Art

Rafael de Cárdenas Selects His Picks at Object & Thing

Sara Roffino

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Object & Thing opens in Bushwick's 99 Scott building.

It’s not easy to make space in the calendar for another art fair. But former Frieze director Abby Bangser’s Object & Thing is taking over Bushwick’s 99 Scott Street with just the sort of subtle elegance that might be the salve we all need for Frieze week. With just 32 galleries offering sculptural and design works in a curated, booth-free (and booth fee-free) former warehouse, the fair is designed to offer the immediate gratification of shopping with prices starting at $1000.

“The way things are curated and their price points are meant to enhance this kind of immediate seduction you might have for something,” explains Rafael de Cárdenas, the founder of Architecture at Large who is also serving as the fair’s artistic director. “Everything is set on tables, which serves as a nod to a residential environment. It’s a nice contrast to the austerity of most galleries.” De Cárdenas shares a few of his picks from the inaugural edition of Object & Thing, running May 3­–5.

Françoise Grossen
Françoise’s work tends to feel distinctly manipulated in the best way: handcrafted but also exacting and precise.

Françoise Grossen, Apodid (formerly ALAR), 1986 (modified 2016). Manila. 12 3/4 x 61 1/4 x 16 in., 32.4 x 155.6 x 40.6 cm. Blum & Poe. Photo: Copyright The Artist Courtesy of Blum & Poe.

Zak Kitnick
Zak Kitnick‘s backgammon tables are among the works in the fair that blur the line between art and design in quite an interesting way. They are meant to be used, but each one is a unique work. The tabletops can also be removed and hung on a wall.

Zak Kitnick, Season 9 (Aluminum board, Copper bar, Stainless steel ace point, Galvanize steel point), 2019. Metal plate on aluminum framed panel with powder coated steel table, aluminum checkers and aluminum dice. Plate: 24.5 x 36.5 x 1.75 inches (62.2 x 92.7 x 4.4 cm) Table: 25.25″ x 39.25″ x 30″ inches (64.1 x 99.7 x 76.2 cm). C L E A R I N G. Photo: Copyright The Artist. Courtesy of the artist and C L E A R I N G, New York / Brussels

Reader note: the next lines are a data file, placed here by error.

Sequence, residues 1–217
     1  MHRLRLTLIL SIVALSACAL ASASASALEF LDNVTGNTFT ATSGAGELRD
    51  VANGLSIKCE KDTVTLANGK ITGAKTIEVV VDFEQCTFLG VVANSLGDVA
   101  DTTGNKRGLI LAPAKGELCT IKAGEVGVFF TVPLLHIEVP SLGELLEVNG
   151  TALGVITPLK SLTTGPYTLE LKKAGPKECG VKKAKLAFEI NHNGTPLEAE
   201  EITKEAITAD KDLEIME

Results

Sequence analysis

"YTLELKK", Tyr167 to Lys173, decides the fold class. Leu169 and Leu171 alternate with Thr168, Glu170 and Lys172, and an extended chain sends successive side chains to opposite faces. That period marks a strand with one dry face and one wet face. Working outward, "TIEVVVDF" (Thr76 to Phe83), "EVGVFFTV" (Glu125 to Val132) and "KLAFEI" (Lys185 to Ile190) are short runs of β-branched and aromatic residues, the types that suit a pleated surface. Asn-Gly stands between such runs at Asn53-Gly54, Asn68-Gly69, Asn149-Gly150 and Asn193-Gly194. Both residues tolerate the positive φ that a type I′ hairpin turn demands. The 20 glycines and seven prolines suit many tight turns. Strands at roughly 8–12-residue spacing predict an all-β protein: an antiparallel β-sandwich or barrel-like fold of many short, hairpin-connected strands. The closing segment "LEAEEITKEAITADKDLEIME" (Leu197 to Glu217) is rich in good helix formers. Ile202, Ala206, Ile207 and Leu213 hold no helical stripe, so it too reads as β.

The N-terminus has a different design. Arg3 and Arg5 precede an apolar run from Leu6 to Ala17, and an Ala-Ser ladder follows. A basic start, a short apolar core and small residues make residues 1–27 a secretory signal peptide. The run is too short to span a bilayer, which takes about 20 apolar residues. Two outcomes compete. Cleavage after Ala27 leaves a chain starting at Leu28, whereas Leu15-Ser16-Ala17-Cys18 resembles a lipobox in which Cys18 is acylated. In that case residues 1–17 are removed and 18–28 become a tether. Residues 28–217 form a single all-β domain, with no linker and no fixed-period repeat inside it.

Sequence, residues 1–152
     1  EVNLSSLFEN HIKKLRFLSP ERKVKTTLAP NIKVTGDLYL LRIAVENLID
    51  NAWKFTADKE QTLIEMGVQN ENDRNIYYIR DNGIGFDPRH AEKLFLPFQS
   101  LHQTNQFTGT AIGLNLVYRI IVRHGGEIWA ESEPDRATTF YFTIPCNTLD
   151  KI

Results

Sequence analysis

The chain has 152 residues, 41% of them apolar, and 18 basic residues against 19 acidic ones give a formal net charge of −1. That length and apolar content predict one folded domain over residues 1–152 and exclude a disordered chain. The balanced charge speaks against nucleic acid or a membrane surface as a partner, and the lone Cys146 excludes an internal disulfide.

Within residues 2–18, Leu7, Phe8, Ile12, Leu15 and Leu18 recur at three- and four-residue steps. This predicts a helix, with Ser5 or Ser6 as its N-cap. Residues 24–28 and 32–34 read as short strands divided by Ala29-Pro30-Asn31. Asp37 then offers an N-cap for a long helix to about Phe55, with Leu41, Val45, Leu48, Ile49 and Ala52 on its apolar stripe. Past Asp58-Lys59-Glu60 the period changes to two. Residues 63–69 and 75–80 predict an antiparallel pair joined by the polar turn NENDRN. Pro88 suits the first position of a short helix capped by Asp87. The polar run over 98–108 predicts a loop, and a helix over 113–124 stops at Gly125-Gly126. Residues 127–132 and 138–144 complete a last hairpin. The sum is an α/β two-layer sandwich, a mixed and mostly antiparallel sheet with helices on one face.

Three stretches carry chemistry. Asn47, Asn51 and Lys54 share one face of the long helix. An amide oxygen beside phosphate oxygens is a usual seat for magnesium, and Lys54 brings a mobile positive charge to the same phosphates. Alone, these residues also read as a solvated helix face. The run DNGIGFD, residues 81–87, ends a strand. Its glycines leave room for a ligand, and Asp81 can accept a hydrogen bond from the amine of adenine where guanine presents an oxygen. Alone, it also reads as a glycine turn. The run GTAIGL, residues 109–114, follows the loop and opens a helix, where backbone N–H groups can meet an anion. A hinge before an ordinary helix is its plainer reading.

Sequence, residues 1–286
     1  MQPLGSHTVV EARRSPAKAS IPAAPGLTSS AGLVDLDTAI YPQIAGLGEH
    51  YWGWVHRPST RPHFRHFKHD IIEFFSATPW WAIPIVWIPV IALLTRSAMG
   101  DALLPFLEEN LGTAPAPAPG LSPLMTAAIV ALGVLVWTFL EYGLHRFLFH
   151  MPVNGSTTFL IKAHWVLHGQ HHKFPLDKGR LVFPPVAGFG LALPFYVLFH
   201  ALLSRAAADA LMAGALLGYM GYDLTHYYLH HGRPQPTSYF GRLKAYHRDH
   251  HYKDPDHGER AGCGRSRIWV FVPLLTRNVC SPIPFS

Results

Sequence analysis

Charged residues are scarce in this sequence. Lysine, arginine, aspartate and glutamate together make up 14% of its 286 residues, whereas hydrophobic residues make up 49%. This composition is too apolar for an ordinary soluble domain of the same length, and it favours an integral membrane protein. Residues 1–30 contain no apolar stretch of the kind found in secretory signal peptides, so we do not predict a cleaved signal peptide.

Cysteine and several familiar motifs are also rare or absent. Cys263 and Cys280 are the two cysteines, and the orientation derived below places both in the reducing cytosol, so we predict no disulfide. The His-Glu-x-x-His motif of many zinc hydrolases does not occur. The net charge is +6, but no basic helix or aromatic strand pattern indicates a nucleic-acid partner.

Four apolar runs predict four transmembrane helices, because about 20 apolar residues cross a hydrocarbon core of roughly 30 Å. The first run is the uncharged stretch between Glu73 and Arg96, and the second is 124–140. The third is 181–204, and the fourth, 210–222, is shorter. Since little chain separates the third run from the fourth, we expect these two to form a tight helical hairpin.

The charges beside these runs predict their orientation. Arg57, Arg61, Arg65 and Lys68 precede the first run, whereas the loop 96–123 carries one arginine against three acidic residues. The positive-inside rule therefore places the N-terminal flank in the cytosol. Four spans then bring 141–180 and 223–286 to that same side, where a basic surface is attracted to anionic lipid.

Rebecca Warren
I love this work’s slightly nebulous anthropomorphism and its invocation of the history of statuary.

Rebecca Warren, Totem (e.), 2008. Hand-painted bronze on artist’s wooden pedestal 24 3/8 x 11 x 7 1/8 in, 61.9 x 27.9 x 18.1 cm. Copyright Rebecca Warren, courtesy of Matthew Marks Gallery. 


Sonia Gomes

I am a big fan of Sonia’s work and am happy to see it getting the recognition it deserves in the U.S. This is another work that bridges the art/design divide.

Sonia Gomes, Cadeira, 2009. Acrylic on canvas, stitching, different fabrics on chair 28 3/8 x 28 3/8 x 29 1/2 in, 72 x 72 x 75 cm. Mendes Wood DM. Photo: Copyright The Artist. Courtesy of Mendes Wood.

Ann Agee
Agee’s porcelain works transpose 18th-and-19th-century porcelain craft into thoroughly contemporary forms.

Ann Agee, Maid in Form II, 2015. Glazed porcelain. 18 1/2 x 11 x 10 in, 47 x 27.9 x 25.4 cm. P.P.O.W. Photo: Copyright The Artist. Courtesy of the artist and PPOW, New York.

Judy Chicago
Judy Chicago‘s works are among the most important in the fair. They’re quite powerful in their evocation of religious artifacts.

Judy Chicago. Two Faced Toby Mug #13, 2010. Multi-fired china paint on porcelain. 7 x 4.75 x 3.75 inches. Salon 94.. Photo: Copyright The Artist. Courtesy of Salon 94.

Al Qöyawayma
It’s hard to choose favorites, but this work from Shiprock Sante Fe is almost certainly one of my absolute favorites in the fair. It’s quiet and probably easily overlooked, which is why I wanted to draw attention to it, because it’s also exquisitely crafted.

Al Qöyawayma, Vessel, c.1990. Clay. 6 3/4 x 14 1/4 in, 17.1 x 36.2 cm. Shiprock, Santa Fe. Photo: Copyright The Artist. Courtesy of Shiprock, Santa Fe

Marc Hundley
This bench is almost Judd-like in its simplicity, but it’s distinguished by a highly refined embellishment.

Marc Hundley, Title TBC: new bench, 2019. TBC. Approx 86.5 x 238.5 x96.7 cm(34.1 x w 93.9 x d 38.1 in). The Modern Institute. Photo: Copyright The Artist. Courtesy the Artist and The Modern Institute/Toby Webster Ltd, Glasgow